Providence reports year-end 2022 results

Despite significant challenges facing health care nationally, the not-for-profit health system continued to strengthen its Mission, investing nearly $2.1 billion in community benefit last year.

RENTON, Wash., March 9, 2023 — Providence, a not-for-profit health system serving the Western U.S., today announced results for the fiscal year ended Dec. 31, 2022. The report showed the ongoing impact of inflation, the national health care labor shortage, delayed reimbursement from payors, global supply chain disruptions and financial market weakness. In stepping up to meet the significant need, Providence, like other health systems across the country, continued to absorb the increased cost of caring for patients even as revenue and reimbursement did not keep pace.

Despite these challenges, Providence made its largest investment to date in uncompensated care and other community benefit activities, providing nearly $2.1 billion in community benefit for the fiscal year ended Dec. 31, 2022. Compared to Providence’s community benefit levels of $1.8 billion in 2021, $1.7 billion in 2020 and $1.5 billion in 2019, last year’s investment represents an increase of more than $600 million in community benefit since the pandemic began.

“Health care providers nationally have experienced unprecedented pressures over the last three years. Yet, through it all, Providence has not wavered from its Mission. We continue to be here for our communities no matter how challenging the environment gets,” said Providence President and CEO Rod Hochman, M.D. “I am deeply grateful to the caregivers of Providence for all they do to make the Mission possible, especially for those who are most vulnerable. Because of this commitment, our community benefit investment has continued an upward trajectory, even in difficult times.”

Providence continued to pursue strategies for responding to external pressures. Retention and recruitment remained a significant area of focus, with the health system working to reduce overall reliance on costly agency staffing, including converting travelling nurses to permanent staff roles. Other key strategies included addressing discharge challenges related to severe staffing shortages in community-based post-acute facilities, as well as a continued focus on increasing surgical capacity to meet vital health care needs. Providence also streamlined its executive team to better support caregivers and patients and keep the focus on retaining and recruiting caregivers in essential roles.

For the fiscal year ended Dec. 31, 2022, operating revenues increased 4% on a pro forma basis while operating expenses increased 6%, compared with the same period in 2021 on a pro forma basis. This included an 8% increase in salary and benefits due to the cost of agency staff, overtime and wage increases. It also included a 7% increase in supply costs, driven by an 8% increase in pharmaceutical spend.

Pro forma operating EBIDA and deficit of revenues over expenses from operations excluding restructuring costs resulted in losses of $6 million and $1.4 billion, respectively, for the fiscal year ended Dec. 31, 2022. To improve future operating performance, the health system recorded $247 million in restructuring costs related to asset rationalization, leadership team reductions and other items. The $120 million in CARES funding that Providence recognized as revenue in the fiscal year ended Dec. 31, 2022 provided some relief but was not adequate to cover the loss. Financial market weakness and volatility drove investment losses of $1 billion for the fiscal year ended Dec. 31, 2022, bringing Providence’s total unrestricted cash and investments to $9.5 billion.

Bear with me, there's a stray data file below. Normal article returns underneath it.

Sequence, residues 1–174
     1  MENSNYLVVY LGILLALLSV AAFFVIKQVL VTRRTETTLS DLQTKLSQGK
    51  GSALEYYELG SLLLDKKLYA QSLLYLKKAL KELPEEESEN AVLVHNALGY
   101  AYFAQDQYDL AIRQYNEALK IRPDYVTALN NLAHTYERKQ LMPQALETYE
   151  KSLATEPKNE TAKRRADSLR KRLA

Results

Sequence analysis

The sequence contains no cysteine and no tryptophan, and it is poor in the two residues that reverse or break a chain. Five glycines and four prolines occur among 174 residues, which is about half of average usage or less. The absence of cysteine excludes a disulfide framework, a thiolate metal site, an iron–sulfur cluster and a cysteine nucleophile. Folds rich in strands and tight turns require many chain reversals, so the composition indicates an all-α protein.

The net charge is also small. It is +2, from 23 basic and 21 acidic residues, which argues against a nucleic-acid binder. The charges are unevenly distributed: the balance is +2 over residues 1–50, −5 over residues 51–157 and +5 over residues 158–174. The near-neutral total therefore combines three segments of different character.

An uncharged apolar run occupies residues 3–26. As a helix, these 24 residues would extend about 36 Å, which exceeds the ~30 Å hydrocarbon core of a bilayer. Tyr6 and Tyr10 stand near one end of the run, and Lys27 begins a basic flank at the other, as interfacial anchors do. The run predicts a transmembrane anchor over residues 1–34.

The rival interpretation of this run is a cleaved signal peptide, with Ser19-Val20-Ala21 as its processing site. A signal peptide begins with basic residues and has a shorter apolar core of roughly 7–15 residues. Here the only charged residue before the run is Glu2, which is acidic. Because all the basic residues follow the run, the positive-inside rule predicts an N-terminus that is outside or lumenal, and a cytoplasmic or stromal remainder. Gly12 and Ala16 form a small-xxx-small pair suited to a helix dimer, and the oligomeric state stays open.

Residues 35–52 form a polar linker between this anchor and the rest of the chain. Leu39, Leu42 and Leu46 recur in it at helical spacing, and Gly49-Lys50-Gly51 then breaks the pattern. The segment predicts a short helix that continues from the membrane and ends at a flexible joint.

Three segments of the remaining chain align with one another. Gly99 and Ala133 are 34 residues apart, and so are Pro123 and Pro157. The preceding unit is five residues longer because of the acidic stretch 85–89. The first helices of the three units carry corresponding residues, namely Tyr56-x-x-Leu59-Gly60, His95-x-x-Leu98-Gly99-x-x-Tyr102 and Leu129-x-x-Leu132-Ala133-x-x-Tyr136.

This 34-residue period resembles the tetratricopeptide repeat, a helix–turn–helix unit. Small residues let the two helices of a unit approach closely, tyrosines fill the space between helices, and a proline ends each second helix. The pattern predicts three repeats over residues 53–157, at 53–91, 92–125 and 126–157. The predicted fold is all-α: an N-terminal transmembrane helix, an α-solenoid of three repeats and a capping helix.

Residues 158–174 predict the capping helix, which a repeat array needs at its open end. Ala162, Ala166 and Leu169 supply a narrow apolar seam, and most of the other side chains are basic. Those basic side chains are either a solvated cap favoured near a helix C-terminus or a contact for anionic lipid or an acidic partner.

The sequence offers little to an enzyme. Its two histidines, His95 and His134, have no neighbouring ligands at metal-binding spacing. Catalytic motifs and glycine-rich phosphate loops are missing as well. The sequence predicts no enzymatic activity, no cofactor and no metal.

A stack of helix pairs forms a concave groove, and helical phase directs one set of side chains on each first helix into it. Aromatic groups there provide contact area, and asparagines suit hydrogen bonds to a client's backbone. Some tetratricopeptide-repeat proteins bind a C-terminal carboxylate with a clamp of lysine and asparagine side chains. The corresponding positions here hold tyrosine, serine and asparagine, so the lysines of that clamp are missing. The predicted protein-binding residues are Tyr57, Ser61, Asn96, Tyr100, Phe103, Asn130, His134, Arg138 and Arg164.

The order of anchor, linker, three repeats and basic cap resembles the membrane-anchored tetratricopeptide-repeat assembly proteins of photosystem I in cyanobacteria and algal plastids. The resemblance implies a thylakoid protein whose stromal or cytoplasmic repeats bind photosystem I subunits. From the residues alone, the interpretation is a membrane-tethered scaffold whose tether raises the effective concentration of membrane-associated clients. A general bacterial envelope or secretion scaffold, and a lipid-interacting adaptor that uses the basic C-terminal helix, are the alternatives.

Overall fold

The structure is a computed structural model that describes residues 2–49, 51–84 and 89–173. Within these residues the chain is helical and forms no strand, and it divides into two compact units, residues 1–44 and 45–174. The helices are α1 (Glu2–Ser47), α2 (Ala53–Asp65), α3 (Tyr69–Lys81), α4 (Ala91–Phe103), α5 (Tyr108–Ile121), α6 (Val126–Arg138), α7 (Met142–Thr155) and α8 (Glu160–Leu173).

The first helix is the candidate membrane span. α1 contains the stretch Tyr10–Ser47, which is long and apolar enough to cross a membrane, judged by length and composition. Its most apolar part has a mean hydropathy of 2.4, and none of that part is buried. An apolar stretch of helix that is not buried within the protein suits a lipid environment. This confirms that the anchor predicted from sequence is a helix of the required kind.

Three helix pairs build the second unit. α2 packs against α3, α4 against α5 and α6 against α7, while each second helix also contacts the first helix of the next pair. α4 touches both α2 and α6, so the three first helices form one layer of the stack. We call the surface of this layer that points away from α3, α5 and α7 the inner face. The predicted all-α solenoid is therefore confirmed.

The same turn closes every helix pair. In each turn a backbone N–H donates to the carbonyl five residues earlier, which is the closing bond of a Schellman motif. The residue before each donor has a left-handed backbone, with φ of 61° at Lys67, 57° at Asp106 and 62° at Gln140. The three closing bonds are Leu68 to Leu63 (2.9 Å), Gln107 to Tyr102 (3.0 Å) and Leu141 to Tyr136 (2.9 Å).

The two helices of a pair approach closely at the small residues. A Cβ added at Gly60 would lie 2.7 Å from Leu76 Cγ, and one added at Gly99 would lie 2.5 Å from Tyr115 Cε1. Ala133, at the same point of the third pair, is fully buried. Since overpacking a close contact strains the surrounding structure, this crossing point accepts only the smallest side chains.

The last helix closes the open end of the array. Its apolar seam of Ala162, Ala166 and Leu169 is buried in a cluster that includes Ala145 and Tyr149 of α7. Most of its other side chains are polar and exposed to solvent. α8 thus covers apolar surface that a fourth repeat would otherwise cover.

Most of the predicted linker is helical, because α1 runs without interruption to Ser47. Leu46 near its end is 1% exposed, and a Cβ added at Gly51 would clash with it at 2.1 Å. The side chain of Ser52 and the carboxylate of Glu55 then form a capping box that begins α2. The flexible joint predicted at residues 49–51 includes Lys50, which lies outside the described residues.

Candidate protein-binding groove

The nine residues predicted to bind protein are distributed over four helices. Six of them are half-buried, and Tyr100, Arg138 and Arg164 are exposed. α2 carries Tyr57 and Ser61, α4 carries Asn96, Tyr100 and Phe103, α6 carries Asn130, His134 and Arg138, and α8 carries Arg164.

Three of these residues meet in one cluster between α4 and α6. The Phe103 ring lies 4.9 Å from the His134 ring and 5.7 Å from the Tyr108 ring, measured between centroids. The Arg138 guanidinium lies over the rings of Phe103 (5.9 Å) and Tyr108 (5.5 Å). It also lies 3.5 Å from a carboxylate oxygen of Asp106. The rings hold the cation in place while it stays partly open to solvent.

“Thanks to the dedication of everyone at Providence, our strategies for responding to the times are positioning us well for the future. While we still have a journey ahead of us, we are moving in the right direction and beginning to see signs of renewal. This would not be possible without the people of Providence. Thank you to all our caregivers for continuing to help us meet the growing needs of our communities with excellence and compassion, one patient at a time,” said Providence CFO Greg Hoffman.

*Hoag assets excluded from prior year comparisons.
**For additional information, see our annual continuing disclosure for the fiscal year ended Dec. 31, 2022.

About the Author

The Providence News Team brings you the updates to keep you informed about what's happening across the organizational ecosystem. From partnerships to new doctor announcements, we are committed to keeping you informed.

More Content by Providence News Team
Previous Article
Providence names first medical director for environmental stewardship
Providence names first medical director for environmental stewardship

Providence announced that Brian Chesebro, M.D., is joining its national advocacy and social responsibility ...

Next Article
Guy Hudson, M.D., to step down as president and CEO of Swedish Health Services and Providence North Division chief executive
Guy Hudson, M.D., to step down as president and CEO of Swedish Health Services and Providence North Division chief executive

Dr. Guy Hudson will be stepping down from his role as chief executive of Providence’s North Division on Apr...